Even if growth isn’t your role, if you are answering phones but you’d rather be blogging or coding a website, help yourself, your organisation, and everyone else around you, by letting them know. There maybe some timing issues, but the sooner you let your team leader know, the sooner you can become a functional part of the assembly.

Success is funny. It’s like putting together a Swiss watch. Your assembly shouldn’t have even one screw loose. You might need to use tiny tweezers and a magnifying glass. Assemble it to be a finely honed machine – not losing a second – “working like clockwork”.

That’s the irony of thinking big. Scale is about being able to handle the whole earth as if it is a tiny, delicate, detailed grain of sand. Getting the details right is what allows you to go global at staggering speed.

Jesus commissioned us to go into all the WORLD = BIG thinking….
and make disciples = SMALL doing.

On the first episode of the Masters of Scale podcast, the co-founder and CEO of global growth Godzilla AirBnB, Brian Chesky, summed it up this way “In order to scale you have to do things that don’t scale”.

 

1,200 Times More Profits (in less than an hour)

Recently, I’ve been reminded of the old adage “time is money”.

On two separate occasions, with vastly different people, I asked a question where the answer was binary – only two possible options.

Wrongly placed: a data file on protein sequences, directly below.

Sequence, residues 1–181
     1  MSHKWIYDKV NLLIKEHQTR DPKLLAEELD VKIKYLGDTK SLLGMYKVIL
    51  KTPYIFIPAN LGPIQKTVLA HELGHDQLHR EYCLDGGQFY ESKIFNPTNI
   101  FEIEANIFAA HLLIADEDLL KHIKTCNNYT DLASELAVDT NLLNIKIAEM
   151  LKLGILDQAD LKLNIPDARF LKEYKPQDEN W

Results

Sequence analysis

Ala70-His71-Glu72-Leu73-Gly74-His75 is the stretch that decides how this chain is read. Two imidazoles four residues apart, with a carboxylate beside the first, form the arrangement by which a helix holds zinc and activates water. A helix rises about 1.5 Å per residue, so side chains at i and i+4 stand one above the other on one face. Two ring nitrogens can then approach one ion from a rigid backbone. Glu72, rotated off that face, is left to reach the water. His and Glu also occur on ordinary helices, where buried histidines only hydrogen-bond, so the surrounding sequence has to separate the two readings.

Or so I thought.

Both people actually must have heard me ask “what completely irrelevant topic is so important to you that you want to talk about it for forty minutes and avoid answering my question altogether?”

I’m sure of that, because that’s exactly what they did.

So, they turned a question which could have easily been answered in 4 seconds and instead spent 600 times as long not answering it. 

But remember this wasn’t 600 times of just their time alone, they wasted 600 times of my time, too. 

What if a third or fourth person were involved?

If someone wanted to rob your money instead of your time would you let them? 

If I told you there was a way I could make you 1,200 times more profitable, you’d probably be really happy. If I told you all you had to do was shutup, maybe a little less happy…

This reminds me of when Jesus was at Mary & Martha’s house. Martha was really busy – run off her feet – doing loads of things. 

None of which were necessary.

Mary was only doing one thing, and it was the only thing that was needed.

Like most people who are using their time ineffectively, Martha tried to recruit others into her fruitless panic.

When Martha complained how busy she was, Jesus basically told her there was no need to be busy at all.

I don’t think Martha would’ve been very happy with that. But it was probably the best piece of advice she would ever hear.

Is it possible you could be one thousand times less busy and you don’t even know it?

Is there a more profitable way to spend your time? And the time of those around you? 

Maybe, it’s time to spend some time examining how you spend your time. 

There could be a 120,000% increase in profits waiting for you, less than an hour away, right under your nose (literally). 

7 Bible Verses for Business Owners

  1. Genesis 1:1 In the beginning God created the heavens and the earth.
    Not everything that has a beginning is great, but everything that is great has a beginning – make sure 2017 is beginning with God.
  2. Romans 8:28 And we know that all things work together for good to those who love God, to those who are the called according to His purpose.